T Coronae Borealis

Excited and patiently anticipating a 2024 Nova of  T Coronae Borealis

Every 5-7 days I am reporting an update, I am actually checking the sky and/or the AAVSO website every day, don’t want to miss this one. The star is holding steady at 10.2.

Did a quick check of the data posted to the AAVSO website, and the most recent visual observations of this star has it holding steady at around 10.152 ish magnitude. Based on the visual spectrum reports at AAVSO. Also, there are a lot of people looking at the star with 500+ reports being logged each day. A lot of observers are watching it, will you be the first one to notice?

T Coronae Borealis (T CrB)

T Coronae Borealis (T CrB), is a recurrent nova in the constellation Corona Borealis. It was first discovered in outburst in 1866 by John Birmingham, although it had been observed earlier as a 10th magnitude star. It may have been observed in 1217 and in 1787 as well.

T CrB normally has a magnitude of around 10, which is near the limit of typical binoculars. It has been seen to outburst twice, reaching magnitude 2.0 on May 12, 1866 and magnitude 3.0 on February 9, 1946, although a more recent paper shows the 1866 outburst with a possible peak range of magnitude 2.5 ± 0.5. Even when at peak magnitude of 2.5, this recurrent nova is dimmer than about 120 stars in the night sky. It is sometimes nicknamed the Blaze Star.

What is the current brightness of T Coronae Borealis

The current News is that T Coronae Borealis is expected to go Nova at some point in the next few months. When this happens it is suggested that it may be as bright as a 2nd or 3rd Magnitude object. This means it will be as bright as the brightest stars in this small constellation. Not as spectacular as one might expect from reading some of the more popular media, but certainly an exceptional event, that is worth looking for in the sky when it happens.

I thought I would pull some information together to inform the public how to go about observing and watching for this event to start.

The AAVSO website reports the most recent observations of the star as of today (March 23, 2024), or about a visual magnitude is 10.4, which is about its average brightness and at the absolute limit for a large pair of Binoculars or a small telescope. This chart can be generated using this link on the AAVSO website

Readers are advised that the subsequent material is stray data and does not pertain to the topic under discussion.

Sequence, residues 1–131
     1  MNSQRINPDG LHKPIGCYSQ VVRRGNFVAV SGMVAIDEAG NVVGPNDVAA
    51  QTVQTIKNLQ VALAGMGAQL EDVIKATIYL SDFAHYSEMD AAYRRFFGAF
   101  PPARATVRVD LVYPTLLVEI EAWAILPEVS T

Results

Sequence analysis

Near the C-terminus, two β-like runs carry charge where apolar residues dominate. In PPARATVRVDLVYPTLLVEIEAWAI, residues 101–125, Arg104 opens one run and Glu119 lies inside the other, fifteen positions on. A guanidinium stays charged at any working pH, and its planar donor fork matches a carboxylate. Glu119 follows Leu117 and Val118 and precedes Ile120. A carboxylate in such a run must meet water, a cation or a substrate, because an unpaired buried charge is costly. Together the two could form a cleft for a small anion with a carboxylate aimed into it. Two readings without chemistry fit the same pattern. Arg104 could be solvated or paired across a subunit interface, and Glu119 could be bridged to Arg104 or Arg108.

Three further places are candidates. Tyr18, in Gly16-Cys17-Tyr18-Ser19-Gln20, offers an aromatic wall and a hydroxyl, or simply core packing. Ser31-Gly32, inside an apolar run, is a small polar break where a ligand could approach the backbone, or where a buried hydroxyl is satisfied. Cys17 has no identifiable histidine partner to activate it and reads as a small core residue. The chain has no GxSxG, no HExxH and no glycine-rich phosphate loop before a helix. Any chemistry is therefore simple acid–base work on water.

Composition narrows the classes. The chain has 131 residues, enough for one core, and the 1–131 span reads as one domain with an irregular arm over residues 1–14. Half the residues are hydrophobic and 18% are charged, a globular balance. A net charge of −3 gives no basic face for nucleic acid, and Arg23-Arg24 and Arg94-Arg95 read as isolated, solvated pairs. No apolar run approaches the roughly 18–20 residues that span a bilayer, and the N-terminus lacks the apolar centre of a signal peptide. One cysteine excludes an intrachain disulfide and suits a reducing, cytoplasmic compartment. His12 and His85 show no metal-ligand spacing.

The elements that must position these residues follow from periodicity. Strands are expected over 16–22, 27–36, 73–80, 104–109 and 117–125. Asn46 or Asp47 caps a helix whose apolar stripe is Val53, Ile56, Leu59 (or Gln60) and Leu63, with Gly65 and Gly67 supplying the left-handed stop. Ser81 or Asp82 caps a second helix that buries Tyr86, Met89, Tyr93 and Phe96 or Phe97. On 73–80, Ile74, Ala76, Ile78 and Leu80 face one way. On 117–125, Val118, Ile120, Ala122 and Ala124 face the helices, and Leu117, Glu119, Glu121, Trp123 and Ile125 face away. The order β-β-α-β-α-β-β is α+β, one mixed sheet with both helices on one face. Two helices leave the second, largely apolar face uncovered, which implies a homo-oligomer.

t CrB 2024 03 23lightcurve

As you can see, there is not much to see. All of this could change rapidly when this nova event occurs. So it’s worth your while to take a look at the area where this star is in Coronae Borealis at least once a night and report the brightness on the AAVSO website. If you generate a light curve you can also see a list of other people that are monitoring the site.

Finding T Coronae Borealis

The AAVSO site provides resources to help you estimate the brightness of the star. These can be accessed and downloaded https://www.aavso.org/. Enter the name of the star as I have done, then click on the link to Create a Finder Chart

Pick a star

If you follow this instruction, you should generate the following chart:

t CrB Valiable Star Plot

the other link in this panel is to see what the current observations are, on the day that this star goes NOVA it will be very active. For practice submit your observations.

When will it happen

From reading the literature it is something that might happen at any time in the next 6 months. Corona Borealis is well positioned for viewing in the Northern Hemisphere in the evening skies well into September when is will move to the NW and set soon after twilight ends.

Where is this in the Sky, and when do I look for it?

T Coronae Borealis lies between Bootes and Hercules. in the next few months the star will track it’s way westward, but in April/May. It will be high overhead around midnight and is well placed for observing at this time on any clear night. T Coronae Borealis is in the vicinity of the red circle

finderchart tcrb

And a little more focused, the rectangle more or less maps to the AAVSO finder chart:

finderchart tcrb2

More information can be found in the links here

Links in the media about this story:



June 4, 2024
by Roger Nelson

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